3. Transmission, teaching and learning of African musics and dances in local communities and national curricula (primary and secondary schools, and academia)

African musics and dances are increasingly taught outside the community context from which the various traditions originate. This raises questions about the ways in which teaching is organised and about the effect it has on practices in the communities of origin.

Where are African musics and dances taught (primary schools, secondary schools, universities, non-institutional associations)? Who receives the teaching (members of the community, pupils and students from different backgrounds, people with a passion for Africa)? What is taught outside the context and to an audience with a heterogeneous cultural background? How and by whom are curricula developed? What happens to the indigenous knowledge system concerning the social and religious performance context of music and dance? How are the issues of legitimacy and authority of the holders of knowledge and know-how managed concerning the traditions and social obligations associated with them? To what extent are the music and dance standardised? What effect does this have on practices in the communities of origin? How is authenticity handled? What room is there for innovation and adaptation?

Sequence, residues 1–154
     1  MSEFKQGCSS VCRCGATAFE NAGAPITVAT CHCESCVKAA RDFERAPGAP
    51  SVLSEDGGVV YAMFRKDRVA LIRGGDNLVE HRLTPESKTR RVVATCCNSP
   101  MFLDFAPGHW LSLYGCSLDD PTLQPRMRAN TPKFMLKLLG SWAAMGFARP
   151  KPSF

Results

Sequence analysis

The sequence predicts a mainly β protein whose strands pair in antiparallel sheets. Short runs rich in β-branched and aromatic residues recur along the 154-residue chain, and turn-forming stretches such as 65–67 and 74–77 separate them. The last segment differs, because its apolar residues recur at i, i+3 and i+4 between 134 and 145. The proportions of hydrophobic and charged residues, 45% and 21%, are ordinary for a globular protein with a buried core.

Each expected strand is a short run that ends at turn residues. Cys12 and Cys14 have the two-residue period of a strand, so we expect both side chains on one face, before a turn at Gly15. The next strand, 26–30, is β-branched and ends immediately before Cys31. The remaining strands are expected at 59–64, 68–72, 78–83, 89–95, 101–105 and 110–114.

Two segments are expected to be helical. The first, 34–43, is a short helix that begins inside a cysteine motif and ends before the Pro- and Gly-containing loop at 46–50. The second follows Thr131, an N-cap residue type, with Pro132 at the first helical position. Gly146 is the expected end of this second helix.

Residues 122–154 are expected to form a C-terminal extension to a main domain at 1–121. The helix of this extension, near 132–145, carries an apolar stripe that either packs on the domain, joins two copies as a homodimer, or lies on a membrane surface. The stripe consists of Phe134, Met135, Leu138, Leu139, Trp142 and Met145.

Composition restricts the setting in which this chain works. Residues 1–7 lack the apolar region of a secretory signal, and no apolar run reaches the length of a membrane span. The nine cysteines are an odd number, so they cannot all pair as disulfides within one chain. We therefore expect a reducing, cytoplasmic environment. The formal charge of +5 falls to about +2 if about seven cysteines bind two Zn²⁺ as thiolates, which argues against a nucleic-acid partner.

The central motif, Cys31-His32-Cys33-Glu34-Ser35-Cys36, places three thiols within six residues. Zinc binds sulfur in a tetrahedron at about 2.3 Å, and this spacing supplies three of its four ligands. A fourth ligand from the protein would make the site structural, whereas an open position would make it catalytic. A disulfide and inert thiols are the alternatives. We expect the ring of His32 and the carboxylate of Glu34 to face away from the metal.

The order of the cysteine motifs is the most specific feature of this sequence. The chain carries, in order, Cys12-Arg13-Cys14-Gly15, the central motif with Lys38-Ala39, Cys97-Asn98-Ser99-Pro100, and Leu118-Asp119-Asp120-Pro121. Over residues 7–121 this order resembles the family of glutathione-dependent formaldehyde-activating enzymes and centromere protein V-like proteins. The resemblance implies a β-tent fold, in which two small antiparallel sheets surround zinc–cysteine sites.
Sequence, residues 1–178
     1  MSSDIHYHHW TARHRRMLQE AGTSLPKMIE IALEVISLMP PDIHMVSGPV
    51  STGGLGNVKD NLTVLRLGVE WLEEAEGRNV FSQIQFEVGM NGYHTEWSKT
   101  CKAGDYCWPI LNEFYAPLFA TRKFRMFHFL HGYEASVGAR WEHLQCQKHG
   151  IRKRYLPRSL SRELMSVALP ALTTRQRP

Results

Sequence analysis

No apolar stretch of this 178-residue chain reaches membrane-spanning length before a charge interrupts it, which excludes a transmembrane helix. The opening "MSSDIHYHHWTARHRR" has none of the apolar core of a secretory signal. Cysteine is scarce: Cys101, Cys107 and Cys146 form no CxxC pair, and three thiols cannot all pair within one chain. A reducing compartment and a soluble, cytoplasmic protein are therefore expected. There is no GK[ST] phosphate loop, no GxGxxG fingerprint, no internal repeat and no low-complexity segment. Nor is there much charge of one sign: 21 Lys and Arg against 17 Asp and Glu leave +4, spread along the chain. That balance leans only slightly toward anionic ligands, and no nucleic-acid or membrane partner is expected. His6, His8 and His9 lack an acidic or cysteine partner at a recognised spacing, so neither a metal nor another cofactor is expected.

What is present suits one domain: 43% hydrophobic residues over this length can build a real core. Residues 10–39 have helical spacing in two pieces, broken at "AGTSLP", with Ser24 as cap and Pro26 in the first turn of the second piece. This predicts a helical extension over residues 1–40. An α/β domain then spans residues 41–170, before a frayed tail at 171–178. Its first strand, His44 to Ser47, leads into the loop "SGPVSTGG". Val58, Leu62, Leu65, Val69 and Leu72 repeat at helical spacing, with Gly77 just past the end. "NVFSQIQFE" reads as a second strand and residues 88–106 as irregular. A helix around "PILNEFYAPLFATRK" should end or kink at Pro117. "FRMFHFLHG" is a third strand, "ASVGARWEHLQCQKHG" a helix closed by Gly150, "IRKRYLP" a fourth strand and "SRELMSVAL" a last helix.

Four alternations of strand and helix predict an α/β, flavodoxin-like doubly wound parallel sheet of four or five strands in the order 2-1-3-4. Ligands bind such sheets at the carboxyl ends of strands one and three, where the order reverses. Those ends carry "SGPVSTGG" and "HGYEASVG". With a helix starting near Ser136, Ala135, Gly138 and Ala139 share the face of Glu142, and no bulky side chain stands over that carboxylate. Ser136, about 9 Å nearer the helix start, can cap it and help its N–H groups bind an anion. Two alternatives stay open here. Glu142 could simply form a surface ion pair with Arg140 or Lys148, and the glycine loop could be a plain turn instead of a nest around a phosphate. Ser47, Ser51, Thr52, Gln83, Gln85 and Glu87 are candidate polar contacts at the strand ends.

The contributors are invited to share their thoughts and answer any of these questions based on their own experience.




We encourage proposals for contributions to one of the three topics as individual papers or as panels (minimum 3 presenters plus a chair). In both cases, an abstract per person of max. 500 words for each contribution is due by the 31st of March 2024.


The primary language of the symposium is English, but presentations in French and Portuguese are accepted as well. In this case, we ask the presenter to produce a PowerPoint in English.

The abstracts should be sent in English and – if necessary – with a copy of the French or Portuguese original.

Please send your proposal to the Secretary of the SGAM, Linda Cimardi,


The notification of acceptance will be sent out between the 15th and 20th April 2024.

There will be no conference fee, but we remind you that each presenter has to be an ICTMD member in good standing. Opportunities for funded memberships can be found on the ICTMD website at

If you have any questions about the symposium themes or abstract submission, please feel free to reach out to the SGAM Executive Committee.